Is a Firm Handshake the New Fountain of Youth? / by Methods Man

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For the video version of this article, click here.

Normally, in 150 seconds, I give a synopsis of a breaking study – something that just hit the news.  Today, we’re taking a different angle, and tackling a study that has had time to breathe for a while.

The Prospective Urban Rural Epidemiology, or “PURE” study, published in the Lancet reports on the association between grip strength and a variety of bad outcomes ranging from diabetes to cardiovascular disease, to death.

It’s a big study, involving nearly 150,000 people across 17 countries. The headline-grabbing finding was an association between weaker grip strength and subsequent all-cause mortality.  The take-home, for every 5 kg less grip strength you have, there’s a 16% increased risk of death.

But once the study moved from the peer-reviewed and venerable pages of The Lancet into the press, things got a bit messy. So I want to apply some much-needed context.

Let’s get one thing out of the way first.  Grip strength is NOT the same as handshake strength.  This is a grip strength dynamometer, used to precisely measure the maximum force the hand can generate, which is a product of a variety of factors including muscle mass and the length of the forearm:

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A handshake is a social construct, and has nothing to do with anything.  This was not a study about forceful handshakes.

Second – this study describes an association.  It is very probable that a strong grip says something about your overall health.  It is NOT probable that grip strength is directly tied to outcomes.  The article in no way implies that hand strengthening should be a public health intervention.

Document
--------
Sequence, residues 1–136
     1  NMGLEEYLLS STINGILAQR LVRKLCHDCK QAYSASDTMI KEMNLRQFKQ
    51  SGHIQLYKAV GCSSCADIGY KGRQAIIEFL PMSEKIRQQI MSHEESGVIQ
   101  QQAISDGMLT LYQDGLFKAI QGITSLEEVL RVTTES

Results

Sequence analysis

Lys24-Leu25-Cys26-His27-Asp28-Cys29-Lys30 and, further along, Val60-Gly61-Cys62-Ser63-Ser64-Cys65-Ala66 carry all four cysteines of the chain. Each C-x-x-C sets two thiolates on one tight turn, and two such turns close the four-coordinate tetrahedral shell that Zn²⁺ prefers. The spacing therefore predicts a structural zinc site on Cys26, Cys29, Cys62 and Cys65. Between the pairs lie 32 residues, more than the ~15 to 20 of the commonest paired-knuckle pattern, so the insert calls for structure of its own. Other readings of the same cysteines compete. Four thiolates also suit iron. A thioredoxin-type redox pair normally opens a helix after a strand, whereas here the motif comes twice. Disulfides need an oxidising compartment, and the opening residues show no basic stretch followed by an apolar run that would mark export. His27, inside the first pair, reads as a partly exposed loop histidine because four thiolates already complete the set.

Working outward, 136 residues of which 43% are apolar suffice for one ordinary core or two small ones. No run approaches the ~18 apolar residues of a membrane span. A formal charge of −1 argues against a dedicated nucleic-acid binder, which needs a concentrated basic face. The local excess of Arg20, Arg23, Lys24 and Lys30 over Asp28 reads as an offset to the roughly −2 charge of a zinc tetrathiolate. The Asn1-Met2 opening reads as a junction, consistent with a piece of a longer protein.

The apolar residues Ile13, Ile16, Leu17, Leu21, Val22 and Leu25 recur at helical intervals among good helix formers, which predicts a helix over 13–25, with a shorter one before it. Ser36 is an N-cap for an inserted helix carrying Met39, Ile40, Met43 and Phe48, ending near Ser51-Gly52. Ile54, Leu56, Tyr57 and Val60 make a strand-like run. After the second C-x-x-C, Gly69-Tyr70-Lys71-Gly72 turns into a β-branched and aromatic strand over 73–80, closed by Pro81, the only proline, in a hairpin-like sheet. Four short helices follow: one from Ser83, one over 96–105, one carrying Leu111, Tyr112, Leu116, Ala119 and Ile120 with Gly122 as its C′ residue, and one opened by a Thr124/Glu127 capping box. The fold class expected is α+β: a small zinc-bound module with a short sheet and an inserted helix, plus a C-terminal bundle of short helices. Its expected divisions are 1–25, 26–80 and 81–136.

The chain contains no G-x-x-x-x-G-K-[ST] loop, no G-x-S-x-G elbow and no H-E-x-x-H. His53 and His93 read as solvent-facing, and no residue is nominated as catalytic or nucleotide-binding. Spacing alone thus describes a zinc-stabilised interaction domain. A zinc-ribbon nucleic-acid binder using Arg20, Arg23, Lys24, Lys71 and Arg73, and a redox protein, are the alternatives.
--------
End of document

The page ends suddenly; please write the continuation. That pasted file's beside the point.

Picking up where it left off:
But the real issue here is applicability.  With a study of almost 150,000 people, it’s not hard to find significant associations.  The clinical question is: Can measuring grip strength help me risk stratify patients?  Put another way, if I had two random patients in front of me, how often would the person with more grip strength live longer? If the answer is 50%, that’s chance, and the test is useless. If the stronger person always lives longer, it’s a perfect test and we should be doing it on everyone all the time.  The truth, of course, is somewhere in the middle.

But here’s the letdown. The authors don’t report their full, multivariable model, so we don’t know how well grip strength categorizes risk, only that there is an association there. Based on the authors’ comparison with blood pressure as a risk factor, I suspect that accounting for grip strength would address some of the randomness in figuring out who dies when, but only a small amount, probably around 2-5%.

So what’s impressive about this study isn’t the results.  That stronger people live longer is not particularly exciting.  What’s impressive is the logistics.  150,000 people, 17 countries, prospectively collected outcomes. This is good, if not revolutionary work. So despite the flaws of the reporting in the press, we can still hand it to the researchers.